Despite geologic barriers and in the face of scientific advice, huge infrastructure projects of the 20th century brought water to the arid Southwest and fueled the growth of a megaregion. But now that era of infrastructure-enabled growth is over, leaving planners, developers and policymakers looking for new ways to sustain growth and rising demand amid diminishing resources.
With the one arm he had left after fighting for the Union during the Civil War, John Wesley Powell led a team of 10 men and four boats on what was likely the most extreme and adventurous fact-finding mission since Lewis and Clark stumbled upon the West Coast of North America. It was 1869, and this was neither the first nor the last river voyage Powell would command.
Of all the ways that California is attempting to reduce its carbon footprint, perhaps none will have a more dramatic, or immediate, impact than that of solar power.
Up to 200 solar energy projects, are seeking, or have received, approval to be developed in California. Most notable of these are nine large-scale projects in the state’s own Empty Quarter – the Mojave and Colorado -- where state and federal officials are on the verge of inking approvals on more than 4,100 megawatts worth of solar thermal farms. Collectively, they represent nearly ten times the amount of solar capacity installed in 2009, and enough energy to power roughly 2 million homes.
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Strip malls are in virtually every American city, but they're rarely an important part of those cities. Ava Bromberg says they can be. Her idea is to turn strip malls into community-owned hubs that generate capital within their neighborhood and keep it there.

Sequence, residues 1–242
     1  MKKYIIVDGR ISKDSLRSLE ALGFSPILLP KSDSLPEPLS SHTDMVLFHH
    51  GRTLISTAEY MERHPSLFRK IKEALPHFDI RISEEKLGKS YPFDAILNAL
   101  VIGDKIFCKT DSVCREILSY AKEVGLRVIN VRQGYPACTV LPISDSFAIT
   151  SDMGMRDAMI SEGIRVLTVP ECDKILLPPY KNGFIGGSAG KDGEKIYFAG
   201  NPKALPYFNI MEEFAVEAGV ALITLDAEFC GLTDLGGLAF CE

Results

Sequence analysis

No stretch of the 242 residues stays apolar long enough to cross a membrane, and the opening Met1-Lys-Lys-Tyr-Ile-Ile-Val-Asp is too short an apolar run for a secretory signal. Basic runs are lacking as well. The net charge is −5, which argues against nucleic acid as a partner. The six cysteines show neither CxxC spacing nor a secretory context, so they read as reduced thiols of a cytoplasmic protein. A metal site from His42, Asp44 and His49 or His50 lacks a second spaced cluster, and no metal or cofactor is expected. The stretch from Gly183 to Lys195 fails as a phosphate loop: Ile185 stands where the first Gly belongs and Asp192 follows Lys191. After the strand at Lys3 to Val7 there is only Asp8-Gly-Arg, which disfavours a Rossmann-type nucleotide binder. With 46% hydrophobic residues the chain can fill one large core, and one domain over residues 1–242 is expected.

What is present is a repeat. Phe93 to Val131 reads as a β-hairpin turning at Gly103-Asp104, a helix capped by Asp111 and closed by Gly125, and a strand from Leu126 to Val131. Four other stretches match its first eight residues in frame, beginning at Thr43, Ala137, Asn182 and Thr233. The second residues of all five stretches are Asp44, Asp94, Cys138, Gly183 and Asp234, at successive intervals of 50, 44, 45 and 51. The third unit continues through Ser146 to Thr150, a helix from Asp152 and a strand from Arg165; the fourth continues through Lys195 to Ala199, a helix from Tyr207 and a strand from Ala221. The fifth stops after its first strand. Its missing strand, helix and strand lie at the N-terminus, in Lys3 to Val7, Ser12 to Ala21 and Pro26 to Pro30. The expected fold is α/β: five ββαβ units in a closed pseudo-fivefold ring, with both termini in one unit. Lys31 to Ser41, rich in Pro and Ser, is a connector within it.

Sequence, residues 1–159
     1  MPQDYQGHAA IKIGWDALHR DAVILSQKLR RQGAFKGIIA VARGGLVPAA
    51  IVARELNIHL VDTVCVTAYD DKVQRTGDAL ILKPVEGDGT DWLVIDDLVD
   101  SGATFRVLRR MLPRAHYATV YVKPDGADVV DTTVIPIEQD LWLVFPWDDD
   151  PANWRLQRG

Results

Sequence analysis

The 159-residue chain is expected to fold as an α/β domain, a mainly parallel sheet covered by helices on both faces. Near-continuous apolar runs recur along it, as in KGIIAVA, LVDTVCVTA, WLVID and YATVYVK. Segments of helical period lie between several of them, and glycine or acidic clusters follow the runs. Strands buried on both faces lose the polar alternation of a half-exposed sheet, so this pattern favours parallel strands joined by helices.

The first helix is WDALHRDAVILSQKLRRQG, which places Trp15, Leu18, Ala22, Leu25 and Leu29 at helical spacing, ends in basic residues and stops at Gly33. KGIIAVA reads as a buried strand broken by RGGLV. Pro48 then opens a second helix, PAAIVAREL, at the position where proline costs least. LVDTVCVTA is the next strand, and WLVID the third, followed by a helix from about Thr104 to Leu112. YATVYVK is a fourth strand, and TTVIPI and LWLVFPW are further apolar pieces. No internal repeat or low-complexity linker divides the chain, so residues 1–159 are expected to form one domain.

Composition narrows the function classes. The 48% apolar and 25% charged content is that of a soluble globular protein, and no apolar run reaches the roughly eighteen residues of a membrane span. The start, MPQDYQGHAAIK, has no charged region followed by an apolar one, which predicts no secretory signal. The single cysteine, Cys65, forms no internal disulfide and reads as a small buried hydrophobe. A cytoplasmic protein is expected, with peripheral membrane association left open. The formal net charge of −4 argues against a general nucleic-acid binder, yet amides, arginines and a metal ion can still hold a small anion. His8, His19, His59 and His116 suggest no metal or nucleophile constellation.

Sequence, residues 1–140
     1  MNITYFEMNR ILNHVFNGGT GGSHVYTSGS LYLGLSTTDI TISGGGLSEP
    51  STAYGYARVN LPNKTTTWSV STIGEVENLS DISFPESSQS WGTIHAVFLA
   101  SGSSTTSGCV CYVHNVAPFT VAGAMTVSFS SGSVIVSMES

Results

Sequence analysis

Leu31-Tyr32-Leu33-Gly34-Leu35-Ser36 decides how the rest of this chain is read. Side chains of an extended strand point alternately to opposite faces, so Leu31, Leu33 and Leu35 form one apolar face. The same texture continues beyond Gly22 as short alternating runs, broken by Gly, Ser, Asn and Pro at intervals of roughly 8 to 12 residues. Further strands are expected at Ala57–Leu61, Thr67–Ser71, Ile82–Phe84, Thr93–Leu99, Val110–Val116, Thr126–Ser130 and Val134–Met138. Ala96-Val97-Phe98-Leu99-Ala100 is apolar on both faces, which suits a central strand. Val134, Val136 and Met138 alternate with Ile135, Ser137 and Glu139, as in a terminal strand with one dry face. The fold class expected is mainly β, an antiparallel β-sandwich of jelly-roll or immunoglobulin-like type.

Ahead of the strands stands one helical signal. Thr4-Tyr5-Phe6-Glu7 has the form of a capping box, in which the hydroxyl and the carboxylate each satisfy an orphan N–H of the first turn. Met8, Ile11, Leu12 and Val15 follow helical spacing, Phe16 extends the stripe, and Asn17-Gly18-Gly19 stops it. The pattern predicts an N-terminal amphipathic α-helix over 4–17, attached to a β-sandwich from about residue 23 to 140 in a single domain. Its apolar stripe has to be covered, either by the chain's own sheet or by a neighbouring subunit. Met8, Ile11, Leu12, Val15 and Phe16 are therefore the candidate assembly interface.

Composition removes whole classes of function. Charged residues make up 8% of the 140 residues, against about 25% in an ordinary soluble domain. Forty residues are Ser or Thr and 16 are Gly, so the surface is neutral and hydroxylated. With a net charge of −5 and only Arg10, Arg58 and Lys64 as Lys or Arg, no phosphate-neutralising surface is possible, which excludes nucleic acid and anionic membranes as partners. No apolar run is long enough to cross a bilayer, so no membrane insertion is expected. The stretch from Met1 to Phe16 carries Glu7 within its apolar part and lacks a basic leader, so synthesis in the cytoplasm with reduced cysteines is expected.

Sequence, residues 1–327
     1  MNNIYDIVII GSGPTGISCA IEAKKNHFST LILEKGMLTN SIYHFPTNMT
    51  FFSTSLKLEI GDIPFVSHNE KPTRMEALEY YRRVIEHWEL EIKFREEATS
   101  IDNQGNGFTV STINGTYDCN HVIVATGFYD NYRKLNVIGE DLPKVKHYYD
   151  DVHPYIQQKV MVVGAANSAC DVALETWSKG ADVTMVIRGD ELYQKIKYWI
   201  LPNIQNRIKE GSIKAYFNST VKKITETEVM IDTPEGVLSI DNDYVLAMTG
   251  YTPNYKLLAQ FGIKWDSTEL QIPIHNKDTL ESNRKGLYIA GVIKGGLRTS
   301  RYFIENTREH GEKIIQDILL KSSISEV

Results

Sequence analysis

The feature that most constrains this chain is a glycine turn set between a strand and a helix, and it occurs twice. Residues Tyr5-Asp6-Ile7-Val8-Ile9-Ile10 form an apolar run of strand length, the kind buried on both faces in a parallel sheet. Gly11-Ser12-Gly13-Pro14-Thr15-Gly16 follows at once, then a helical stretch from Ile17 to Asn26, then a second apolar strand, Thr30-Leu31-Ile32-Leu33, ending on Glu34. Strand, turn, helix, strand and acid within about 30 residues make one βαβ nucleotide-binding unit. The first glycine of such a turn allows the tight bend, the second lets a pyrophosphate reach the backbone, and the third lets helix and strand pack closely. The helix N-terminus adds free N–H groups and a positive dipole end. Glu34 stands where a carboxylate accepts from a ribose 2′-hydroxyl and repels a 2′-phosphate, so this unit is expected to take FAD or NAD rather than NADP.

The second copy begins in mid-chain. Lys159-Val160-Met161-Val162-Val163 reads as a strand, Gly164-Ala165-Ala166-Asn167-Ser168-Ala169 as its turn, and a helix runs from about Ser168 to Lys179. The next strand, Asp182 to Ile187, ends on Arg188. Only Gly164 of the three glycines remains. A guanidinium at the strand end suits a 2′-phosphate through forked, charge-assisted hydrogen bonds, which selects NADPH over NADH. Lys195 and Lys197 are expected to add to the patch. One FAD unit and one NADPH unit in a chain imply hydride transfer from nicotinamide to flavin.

Strip malls probably don’t fit into the definition of progressive urbanism for most people, but maybe they should. Well, maybe after a little organizational tweaking.
Can cities get back in touch with nature? Planners, developers, architects, and policy makers convened in Los Angeles June 7 to face the challenge and develop a plan of action to help bring life onto the rooftops of L.A.'s downtown.
"Nature" is increasingly represented in the urban world as an incidental garnish -- a potted shrub at the door of a towering high-rise; a bush inside the loop of a freeway onramp.
These greening gestures calmly try to suggest a connection between the urban environment and the natural one. Yet other than providing window dressing, they contribute little to counter the harm that cities inflict on the natural ecology.
So what is a densely developed and thoroughly paved American downtown to do? ...